“For God has not given us a spirit of fear, but of power and of love and of a sound mind,” (II Timothy 1:7).
“Whenever I am afraid I will trust in you,” (Psalm 56:3).

I recently heard that the command, “Do not fear,” is mentioned 365 times in God’s Word. Assuming the accuracy of that statement, that is one command for every day of the year! And here’s the thing: On top of the command to not fear — which could be directed at Jesus’ mother, Mary; at Joshua; at David — the Bible talks a lot about fear and being afraid. Apparently it is a major issue that we as humans deal with.
Now there is a good kind of fear — when we “fear” or reverence God:

“The fear of the Lord is the beginning of wisdom; a good understanding of all those who do his commandments. His praise endures forever,” (Psalm 111:10).

“The fear of the Lord is the beginning of knowledge,” (Proverbs 1:7a).

But we aren’t talking about reverence here. Today we’re talking about being afraid, timidity, terror, panic, dread, anxiety, worry. Ever experience any of those?

There is a lot of fear cutting through the world population these days! Fear of uncertainty, fear of loss of finances, fear of illness, fear of death, fear of the future. It’s pretty rampant, and it’s easy for any one of us to get sucked up into it.

But our Jesus — the one who saved us (Acts 4:12), who walks with us (John 14:16-18), who knows our thoughts before we think them (Psalm 139:2), who knows when we’re going to go to bed and when we will arise each morning (Psalm 139:2) — He is called The Prince of Peace (Isaiah 9:6). Peace is God’s antidote to fear and He is ready to provide it in abundance if only we will accept it and rest in Him.

“Peace I leave with you, My peace I give to you; not as the world gives do I give to you. Let not your heart be troubled, neither let it be afraid,” (John 14:27).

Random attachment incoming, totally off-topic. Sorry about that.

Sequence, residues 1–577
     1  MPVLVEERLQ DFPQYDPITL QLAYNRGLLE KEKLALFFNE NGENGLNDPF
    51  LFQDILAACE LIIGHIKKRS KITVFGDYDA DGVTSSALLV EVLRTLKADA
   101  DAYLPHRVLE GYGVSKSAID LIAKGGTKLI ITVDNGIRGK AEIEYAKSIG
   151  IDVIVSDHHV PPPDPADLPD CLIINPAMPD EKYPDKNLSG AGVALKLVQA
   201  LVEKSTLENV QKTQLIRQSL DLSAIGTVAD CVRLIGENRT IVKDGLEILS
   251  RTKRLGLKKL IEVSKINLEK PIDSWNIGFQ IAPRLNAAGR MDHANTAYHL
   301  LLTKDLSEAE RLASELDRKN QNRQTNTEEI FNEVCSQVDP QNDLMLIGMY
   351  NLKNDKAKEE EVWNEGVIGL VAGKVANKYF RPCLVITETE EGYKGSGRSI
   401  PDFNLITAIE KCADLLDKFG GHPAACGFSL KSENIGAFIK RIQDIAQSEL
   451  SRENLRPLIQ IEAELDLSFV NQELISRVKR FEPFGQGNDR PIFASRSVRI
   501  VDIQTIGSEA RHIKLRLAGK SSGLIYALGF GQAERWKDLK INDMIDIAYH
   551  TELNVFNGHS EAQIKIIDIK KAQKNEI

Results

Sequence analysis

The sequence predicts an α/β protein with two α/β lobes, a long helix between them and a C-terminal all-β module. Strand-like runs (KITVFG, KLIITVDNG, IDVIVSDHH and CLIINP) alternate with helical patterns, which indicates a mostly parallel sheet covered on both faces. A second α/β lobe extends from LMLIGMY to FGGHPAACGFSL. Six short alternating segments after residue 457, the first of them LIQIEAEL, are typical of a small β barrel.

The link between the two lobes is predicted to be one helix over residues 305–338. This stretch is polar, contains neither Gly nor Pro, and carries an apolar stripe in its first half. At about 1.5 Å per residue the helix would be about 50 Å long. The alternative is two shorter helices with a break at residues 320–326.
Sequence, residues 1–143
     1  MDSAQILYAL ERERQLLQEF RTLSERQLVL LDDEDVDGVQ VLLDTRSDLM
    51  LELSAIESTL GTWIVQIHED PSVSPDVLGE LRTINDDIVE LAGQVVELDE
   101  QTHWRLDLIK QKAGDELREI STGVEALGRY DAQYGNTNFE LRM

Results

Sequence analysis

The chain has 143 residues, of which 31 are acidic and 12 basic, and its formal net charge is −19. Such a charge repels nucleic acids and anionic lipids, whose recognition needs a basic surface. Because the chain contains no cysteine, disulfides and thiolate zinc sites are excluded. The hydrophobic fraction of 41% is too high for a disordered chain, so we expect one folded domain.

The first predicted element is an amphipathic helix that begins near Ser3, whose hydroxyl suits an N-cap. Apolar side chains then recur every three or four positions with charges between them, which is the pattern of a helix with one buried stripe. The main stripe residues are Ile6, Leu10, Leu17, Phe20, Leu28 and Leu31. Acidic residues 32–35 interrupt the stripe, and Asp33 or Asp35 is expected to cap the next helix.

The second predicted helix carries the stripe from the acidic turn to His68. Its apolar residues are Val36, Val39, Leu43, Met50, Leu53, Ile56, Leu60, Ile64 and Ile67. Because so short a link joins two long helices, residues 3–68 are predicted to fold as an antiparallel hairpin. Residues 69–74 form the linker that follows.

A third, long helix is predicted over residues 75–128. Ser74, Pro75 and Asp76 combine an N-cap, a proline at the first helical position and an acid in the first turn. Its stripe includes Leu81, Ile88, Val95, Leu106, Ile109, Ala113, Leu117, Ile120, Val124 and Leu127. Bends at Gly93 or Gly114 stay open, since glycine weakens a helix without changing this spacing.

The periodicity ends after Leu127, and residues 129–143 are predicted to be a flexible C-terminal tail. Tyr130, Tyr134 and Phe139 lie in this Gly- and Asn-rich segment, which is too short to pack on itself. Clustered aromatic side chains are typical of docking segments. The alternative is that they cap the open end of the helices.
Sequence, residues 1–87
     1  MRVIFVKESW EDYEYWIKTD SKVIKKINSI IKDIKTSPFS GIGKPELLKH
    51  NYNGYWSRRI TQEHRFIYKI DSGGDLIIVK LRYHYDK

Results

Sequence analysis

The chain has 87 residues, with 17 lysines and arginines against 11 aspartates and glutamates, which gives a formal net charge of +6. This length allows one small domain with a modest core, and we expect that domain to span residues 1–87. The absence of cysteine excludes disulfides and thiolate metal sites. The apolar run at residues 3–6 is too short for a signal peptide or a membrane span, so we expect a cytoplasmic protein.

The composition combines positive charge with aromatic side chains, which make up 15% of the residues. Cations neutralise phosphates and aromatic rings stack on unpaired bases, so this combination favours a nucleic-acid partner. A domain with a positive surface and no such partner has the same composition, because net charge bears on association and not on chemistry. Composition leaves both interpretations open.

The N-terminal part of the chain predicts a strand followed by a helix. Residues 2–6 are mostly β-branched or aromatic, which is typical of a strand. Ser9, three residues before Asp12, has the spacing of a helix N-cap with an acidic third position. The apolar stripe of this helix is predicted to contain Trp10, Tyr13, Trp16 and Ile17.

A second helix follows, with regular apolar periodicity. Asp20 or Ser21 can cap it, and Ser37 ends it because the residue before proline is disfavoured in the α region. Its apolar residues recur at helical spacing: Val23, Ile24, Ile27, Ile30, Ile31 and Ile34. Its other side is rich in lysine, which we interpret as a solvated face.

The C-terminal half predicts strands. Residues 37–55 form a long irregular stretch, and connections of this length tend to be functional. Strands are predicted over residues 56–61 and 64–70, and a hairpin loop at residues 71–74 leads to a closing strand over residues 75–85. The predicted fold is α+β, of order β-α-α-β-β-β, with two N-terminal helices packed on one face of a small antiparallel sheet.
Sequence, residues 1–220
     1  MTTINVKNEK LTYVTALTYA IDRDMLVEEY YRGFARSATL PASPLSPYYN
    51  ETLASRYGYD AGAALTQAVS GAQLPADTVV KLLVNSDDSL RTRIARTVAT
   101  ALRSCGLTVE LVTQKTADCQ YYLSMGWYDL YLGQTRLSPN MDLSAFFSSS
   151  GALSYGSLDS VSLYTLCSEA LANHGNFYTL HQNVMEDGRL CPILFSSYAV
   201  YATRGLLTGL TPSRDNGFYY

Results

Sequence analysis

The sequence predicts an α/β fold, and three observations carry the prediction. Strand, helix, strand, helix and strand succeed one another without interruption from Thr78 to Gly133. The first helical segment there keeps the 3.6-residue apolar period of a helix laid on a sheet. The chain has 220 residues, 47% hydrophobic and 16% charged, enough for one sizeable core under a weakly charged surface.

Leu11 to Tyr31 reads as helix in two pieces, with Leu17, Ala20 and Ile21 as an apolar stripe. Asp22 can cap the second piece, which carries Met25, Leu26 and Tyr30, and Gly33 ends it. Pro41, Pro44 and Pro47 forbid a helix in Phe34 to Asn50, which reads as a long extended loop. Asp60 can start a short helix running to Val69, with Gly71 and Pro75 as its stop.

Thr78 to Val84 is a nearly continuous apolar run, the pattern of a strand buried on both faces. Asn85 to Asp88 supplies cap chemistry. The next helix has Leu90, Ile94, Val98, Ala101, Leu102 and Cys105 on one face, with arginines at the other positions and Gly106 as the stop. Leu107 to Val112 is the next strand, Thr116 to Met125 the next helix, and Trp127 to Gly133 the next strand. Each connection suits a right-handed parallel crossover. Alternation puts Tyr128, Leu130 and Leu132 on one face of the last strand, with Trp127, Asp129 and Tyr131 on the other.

“Be anxious for nothing, but in everything by prayer and supplication, with thanksgiving, let your requests be made known to God; and the peace of God, which surpasses all understanding, will guard your hearts and minds through Christ Jesus,” (Philippians 4:6-7).

“And let the peace of God rule in your hearts, to which also you were called in one body; and be thankful,” (Colossians 3:15).

How do we get to a place where we allow God’s peace to override our fear?

We lay it at His feet. That’s what Paul told the Philippians. We come to Him in prayer and say, “Lord, I can’t rid myself of this fear (or anxiety or worry or fill-in-the-blank). Please take it from me, and replace it with your peace.” I’m speaking from experience, here.

Is this a one-and-done deal? Maybe. But possibly not. We humans are notorious for taking things back that we’ve given to God. But also, if there is a situation that is in your face that is causing agitation, it may mean repeatedly coming to our Lord until finally the peace settles in, because finally we learn to, “let go and let God.”

Remember, our God is the same One who calmed the raging sea for the disciples with one command: “Peace, be still.” He is able to effect the same response in our soul. Let Him.